Originally Posted by Beekissed View Post

Question for OTs:  Show us~ or describe~ your chick brooding systems?  Why do you use this system? 

 

It's getting that season when folks are getting chicks and all the debates about brooder temps, pasty butt, etc. and I thought this question would be appropriately timed. 

 

Fred has a great brooder setup that I was hoping he'd share on this thread...very cool idea that keeps the chicks at working height and repurposes a piece of equipment that would otherwise be sitting and doing nothing.  And the clean up!  Can't think of a better way....  yesss.gif

post #2288 of 12595

900x600px-LL-93a080a2_69833_dscf3094.jpeg900x600px-LL-f11b9b61_69833_dscf3095.jpeg

 

 

Practicing Sustainable Agriculture At The 45th Parallel

 

 

Practicing Sustainable Agriculture At The 45th Parallel

post #2289 of 12595

Brooding

 


I would never brood indoors.  My wife would never approve of the dust, filth and smells.  In the old days, we brooded right on the floor of the chicken coop under a hood.  Wish I knew whatever happened to that hood.  We'd brood 250 chicks at a time.  Coop was 12x20 give or take.

 

Now, I brood in the garage (unheated) or in the barn.  Sometimes the ambient temps fall to 30F or even a bit lower.  No problem. I just pull partial sheets of plywood OBS over the top of the trailer to hold the heat in.

 

I use straw or wood shavings.  No real preference, but straw is much cheaper.  No, I've never had a chick hurt themselves by eating straw.  I've not lost a chick in decades.

 

I build a little watering platform to raise the waterer up out of the straw or chips and it stay clean.  I run a 2x4 or small timber over the top and use 3 bulb rig.  A primary 250watt, a 150 watt and a 90 watt flood light.   This allows me to use any combination heat I need to provide them a warm spot, even down to 25-30F.  No problem.  When the ambient air is warmer, I use less.  When they get older, I use less wattage.  I use a simple thermometer once, during setup, to re-check my ability to achieve a 88F hot spot.  That's it.  Never worry about a thermometer again.  The chicks are the best gauge of what is what.

 

The ambient air beyond the "hot spot" is often 40F on average.  Within days, the chicks are spending a lot of time out there in the far reaches of the brooding trailer.  They completely self adjust the temp to their needs.  They are not "trapped" in a small area with temps that I have to control.  That is much too fussy.  I've only had one mild case of poop butt in the last hundred chicks I've brooded.  I use only pure, clean, fresh water.  No gimmicks, no additives, no sugar, no nonsense.  Chicks under a broody hen aren't introduced to a bunch of sugar water by mother hen.  Just my take on doing things as naturally as possible.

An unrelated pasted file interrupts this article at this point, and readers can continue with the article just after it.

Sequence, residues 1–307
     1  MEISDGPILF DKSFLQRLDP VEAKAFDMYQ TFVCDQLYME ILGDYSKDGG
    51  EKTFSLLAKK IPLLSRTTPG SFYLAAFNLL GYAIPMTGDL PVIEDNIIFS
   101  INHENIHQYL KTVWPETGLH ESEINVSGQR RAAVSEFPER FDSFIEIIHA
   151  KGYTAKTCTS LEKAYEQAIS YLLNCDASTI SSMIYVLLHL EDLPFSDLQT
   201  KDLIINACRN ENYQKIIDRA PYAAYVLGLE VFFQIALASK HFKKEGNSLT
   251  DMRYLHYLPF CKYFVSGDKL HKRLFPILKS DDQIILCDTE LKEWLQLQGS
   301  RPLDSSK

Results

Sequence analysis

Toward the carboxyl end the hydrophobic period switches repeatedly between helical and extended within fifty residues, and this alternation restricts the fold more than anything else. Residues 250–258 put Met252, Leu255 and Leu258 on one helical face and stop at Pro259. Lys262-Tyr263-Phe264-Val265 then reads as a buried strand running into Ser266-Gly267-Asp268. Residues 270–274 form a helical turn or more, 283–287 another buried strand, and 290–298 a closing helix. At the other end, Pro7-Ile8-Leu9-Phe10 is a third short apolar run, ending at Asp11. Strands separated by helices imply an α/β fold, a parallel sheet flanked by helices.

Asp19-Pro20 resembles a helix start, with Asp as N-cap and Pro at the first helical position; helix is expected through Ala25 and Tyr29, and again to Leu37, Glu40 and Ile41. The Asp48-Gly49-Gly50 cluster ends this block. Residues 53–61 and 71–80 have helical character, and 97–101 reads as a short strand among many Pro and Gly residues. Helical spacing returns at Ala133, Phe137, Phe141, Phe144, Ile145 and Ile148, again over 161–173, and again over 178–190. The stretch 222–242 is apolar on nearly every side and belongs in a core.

When the chicks are 4 weeks old, I pull a chunk of poly deer netting over the top to keep them from flying out.  I place a small "practice roost", which is only 2" high, in the brooder.  I find chicks that roost in the brooder take right to a roost in the grow out pen of 12" high and take right to the "grown up" roost in the hen's pen later in life. No more sleeping in piles on the floor.  

 

At six weeks, they go directly to the grown out pen in the barn.  Clean up of the brooder is dead easy and I only clean it once, at the end.  I hook the trailer up to the Kubota and take it out to a field and sweep it out.  Done.

 

LL

 

 

Practicing Sustainable Agriculture At The 45th Parallel

 

 

Practicing Sustainable Agriculture At The 45th Parallel

post #2290 of 12595

?system ? hu.gif

 

Debates? Lol!

Not trying to be smart-A here, really...I'd ever only raise at most one or two batches of chicks a year at most, years ago that was usually 50, did 100 a time or two, that was too many at once. The last chicks I brooded, though, was several years ago, 3 pullets and 1 roo, egglayers breed, for the little flock my sister, terminally ill, wanted, for her having never been in a place to have chickens, and always wanting some. Brooded them in a bird cage...the same cockateil cage my present "Chicken Little" calls home, actually, with a towel draped over it a first.

 

I guess my only "system" has been whatever size container needed for how big a clump of chicks I had...have used everything from plastic pet carrierss/dog crates to wood boxes to an old bathtub. Something cleanable, not cardboard boxes, they get soggy and nasty on bottom. I don't like them on wire, either, hard on feet, legs can slip through, get hurt, if spaces too big, poop csakes on it too, espeically if too small.

 Depending on temps and conditions in area being used, cover with plywood or just towels of sheeting to prevent draughts. Several layers thickness newspapers, so for at least first few days, no need to pull all out and put new often, just pull of the top few sheets every few hours. Some wood shavings. Never hay, it gets soggy and nasty, mats down and sours.

With most broods, actually wound up using several containers, moving them up into larger as they grew and filled up the space.

 

Depending on size of container, size clump of chicks, 1 or 2 of those cheap clip on heat lamps with aluminum heat shield, light bulbs. Ordinary light bulbs if winter, yellow or blue or red at other times of year, whatever was handy usually, limited white lights mainly because while light bulbs can draw swarms of flying insects if not inside a screen area. Hung at a height chicks couldn't hop up and peck it. Chicks had room to choose to stand close under it or not right under it, farther way. moderating themselves. Temp? What felt right to my hand and to the chicks? They'll tell you by their behavior and sounds.

Smallest size screw-on top chick waterer, resevoir filled with marbles at first to prevent drowning and soaking. Small feeder, chick starter. Never used anything in water, just water, or any supplements.

 

I know that all sounds very haphazard, but honestly, I always have excellent survival rates with chicks. They just stayed healthy, thrived. I am a bit embarrassed to admit that when I kept running into this term "pasty butt", I had to go look it up, see what it meant. I can't remember ever having anything like that.

 

So I guess even as an old timer, I'm not coming up with much to pass along in this one.

 

 

Quote:
Originally Posted by Beekissed View Post

Question for OTs:  Show us~ or describe~ your chick brooding systems?  Why do you use this system? 

 

It's getting that season when folks are getting chicks and all the debates about brooder temps, pasty butt, etc. and I thought this question would be appropriately timed. 



 

New Posts  All Forums:Forum Nav:
  Return Home
  Back to Forum: Managing Your Flock
This thread is locked  
BackYard Chickens › BYC Forum › Raising BackYard Chickens › Managing Your Flock › Chickens for 10-20 years or more? Pull up a rockin' chair and lay some wisdom on us!